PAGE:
Prince William County Emergency Operations Plan
Prince William County is governed by the Commonwealth of Virginia Disaster and Emergency Services Laws which require that we have a Director of Emergency Services and an Emergency Operations Plan (EOP). The EOP clearly defines how various County agencies and community partners mitigate, prepare for, respond to and recover from disasters. The County has a designated Emergency Operations Center (EOC) where key decision-makers gather to implement the EOP when a disaster occurs.
The County Executive serves as the Director of Emergency Management. Patrick M. Collins is the Coordinator of Emergency Management and serves under the operational control of the Director. Deputy Coordinators serve on a rotating schedule to ensure staff is available to respond 24/7.
The County's EOP is based on an "all hazards" planning approach which considers all likely natural and man-made disasters that might threaten the County. County agencies respond to emergencies every day. Personnel are trained to handle major emergencies such as mass casualty incidents, hazardous materials, building collapses, public health threats, fires and hostage situations. These agencies develop and maintain plans for specific situations and buildings in the County so that they are prepared to respond immediately.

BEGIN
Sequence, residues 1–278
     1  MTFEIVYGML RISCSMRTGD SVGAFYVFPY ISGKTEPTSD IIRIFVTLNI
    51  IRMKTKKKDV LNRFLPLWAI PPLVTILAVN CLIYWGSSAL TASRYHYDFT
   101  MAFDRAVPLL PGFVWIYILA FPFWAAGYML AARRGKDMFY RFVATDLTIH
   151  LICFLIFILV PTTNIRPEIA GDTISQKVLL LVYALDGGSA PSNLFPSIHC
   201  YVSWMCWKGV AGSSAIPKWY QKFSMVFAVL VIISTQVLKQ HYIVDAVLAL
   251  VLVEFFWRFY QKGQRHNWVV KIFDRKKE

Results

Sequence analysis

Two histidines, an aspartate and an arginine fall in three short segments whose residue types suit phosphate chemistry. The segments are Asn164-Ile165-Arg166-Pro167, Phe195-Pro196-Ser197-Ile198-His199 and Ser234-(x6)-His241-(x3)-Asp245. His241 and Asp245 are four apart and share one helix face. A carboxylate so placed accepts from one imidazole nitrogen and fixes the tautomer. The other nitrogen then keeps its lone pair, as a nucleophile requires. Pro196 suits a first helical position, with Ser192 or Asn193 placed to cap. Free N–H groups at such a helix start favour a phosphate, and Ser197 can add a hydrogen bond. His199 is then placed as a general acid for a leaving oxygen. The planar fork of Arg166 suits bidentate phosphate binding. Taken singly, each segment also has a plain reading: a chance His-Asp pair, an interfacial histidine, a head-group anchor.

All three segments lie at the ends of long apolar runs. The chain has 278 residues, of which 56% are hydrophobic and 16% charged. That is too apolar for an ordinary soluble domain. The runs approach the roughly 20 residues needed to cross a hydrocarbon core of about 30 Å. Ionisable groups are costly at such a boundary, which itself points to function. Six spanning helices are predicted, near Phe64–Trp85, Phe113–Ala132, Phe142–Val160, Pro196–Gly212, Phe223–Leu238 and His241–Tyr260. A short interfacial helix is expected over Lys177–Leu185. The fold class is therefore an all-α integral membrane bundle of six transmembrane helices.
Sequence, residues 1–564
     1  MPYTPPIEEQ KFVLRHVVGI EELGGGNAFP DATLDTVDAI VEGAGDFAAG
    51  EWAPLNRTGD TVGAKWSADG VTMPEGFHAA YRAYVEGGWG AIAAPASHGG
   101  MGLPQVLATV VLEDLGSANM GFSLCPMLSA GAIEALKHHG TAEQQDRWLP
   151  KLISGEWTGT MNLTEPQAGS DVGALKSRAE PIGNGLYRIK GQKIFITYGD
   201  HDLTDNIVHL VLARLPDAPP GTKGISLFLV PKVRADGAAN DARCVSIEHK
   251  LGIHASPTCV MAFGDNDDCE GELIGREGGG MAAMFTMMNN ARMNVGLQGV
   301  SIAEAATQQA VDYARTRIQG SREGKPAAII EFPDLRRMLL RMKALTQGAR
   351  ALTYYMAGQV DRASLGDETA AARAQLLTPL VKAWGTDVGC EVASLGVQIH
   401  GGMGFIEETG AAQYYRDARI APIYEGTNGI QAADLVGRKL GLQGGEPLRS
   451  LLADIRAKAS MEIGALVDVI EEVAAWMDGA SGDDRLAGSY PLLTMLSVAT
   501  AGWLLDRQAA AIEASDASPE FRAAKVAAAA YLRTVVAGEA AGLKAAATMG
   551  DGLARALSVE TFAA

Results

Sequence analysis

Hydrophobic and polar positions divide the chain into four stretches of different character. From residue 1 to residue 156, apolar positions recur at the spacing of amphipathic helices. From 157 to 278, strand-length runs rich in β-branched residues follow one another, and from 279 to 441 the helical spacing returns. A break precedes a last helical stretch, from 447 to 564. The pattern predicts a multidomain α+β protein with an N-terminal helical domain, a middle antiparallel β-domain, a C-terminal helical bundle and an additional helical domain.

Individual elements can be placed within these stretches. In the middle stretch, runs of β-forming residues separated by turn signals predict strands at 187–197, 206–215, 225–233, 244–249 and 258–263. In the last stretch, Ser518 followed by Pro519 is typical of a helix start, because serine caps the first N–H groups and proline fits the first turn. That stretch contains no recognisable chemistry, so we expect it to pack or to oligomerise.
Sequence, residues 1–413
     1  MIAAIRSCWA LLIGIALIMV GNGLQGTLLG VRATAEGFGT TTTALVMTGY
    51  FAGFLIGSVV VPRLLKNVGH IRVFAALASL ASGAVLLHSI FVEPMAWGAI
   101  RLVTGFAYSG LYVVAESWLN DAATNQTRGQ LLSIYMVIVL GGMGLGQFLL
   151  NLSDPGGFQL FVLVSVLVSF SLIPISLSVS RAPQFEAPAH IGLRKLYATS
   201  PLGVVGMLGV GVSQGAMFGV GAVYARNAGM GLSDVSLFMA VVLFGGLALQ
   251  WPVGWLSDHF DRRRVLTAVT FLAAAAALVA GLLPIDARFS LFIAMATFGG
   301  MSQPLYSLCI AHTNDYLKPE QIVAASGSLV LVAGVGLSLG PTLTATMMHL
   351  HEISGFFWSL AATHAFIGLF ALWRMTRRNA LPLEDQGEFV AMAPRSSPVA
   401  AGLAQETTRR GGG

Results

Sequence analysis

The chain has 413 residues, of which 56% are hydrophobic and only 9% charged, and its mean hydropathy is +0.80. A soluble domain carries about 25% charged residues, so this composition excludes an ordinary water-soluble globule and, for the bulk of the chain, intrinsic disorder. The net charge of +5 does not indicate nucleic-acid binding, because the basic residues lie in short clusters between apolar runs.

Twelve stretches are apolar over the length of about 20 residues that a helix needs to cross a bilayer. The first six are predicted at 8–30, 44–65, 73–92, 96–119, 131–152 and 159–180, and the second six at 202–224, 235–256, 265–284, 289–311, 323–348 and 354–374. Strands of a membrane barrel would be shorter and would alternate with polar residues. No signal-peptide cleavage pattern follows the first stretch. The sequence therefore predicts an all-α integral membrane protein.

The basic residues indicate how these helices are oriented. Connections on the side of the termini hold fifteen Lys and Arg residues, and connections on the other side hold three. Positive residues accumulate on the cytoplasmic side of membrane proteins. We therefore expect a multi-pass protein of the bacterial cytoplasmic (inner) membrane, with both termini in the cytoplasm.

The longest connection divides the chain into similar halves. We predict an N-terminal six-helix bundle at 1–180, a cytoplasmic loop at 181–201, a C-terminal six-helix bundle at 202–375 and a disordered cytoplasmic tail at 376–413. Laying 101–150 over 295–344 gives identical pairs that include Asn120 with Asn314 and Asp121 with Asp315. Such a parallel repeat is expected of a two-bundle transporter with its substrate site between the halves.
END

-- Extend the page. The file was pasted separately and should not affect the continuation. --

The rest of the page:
The County's disaster response is coordinated with the Virginia Department of Health, the Virginia Department of Environmental Quality and the Virginia Department of Emergency Management as well as other agencies that have a role in emergency response such as the American Red Cross. Representatives from these agencies are invited to participate in the County's EOC when it is activated. County agencies also participate in regional and state-wide mutual aid programs. Through these programs we can access resources from the entire region at a moment's notice.
The County's EOP is updated regularly as information changes. Each year sections of the plan are reviewed and adjusted and periodic drills are conducted to test preparedness. The entire EOP is updated every four years and submitted to the County Board of County Supervisors for final approval and adoption.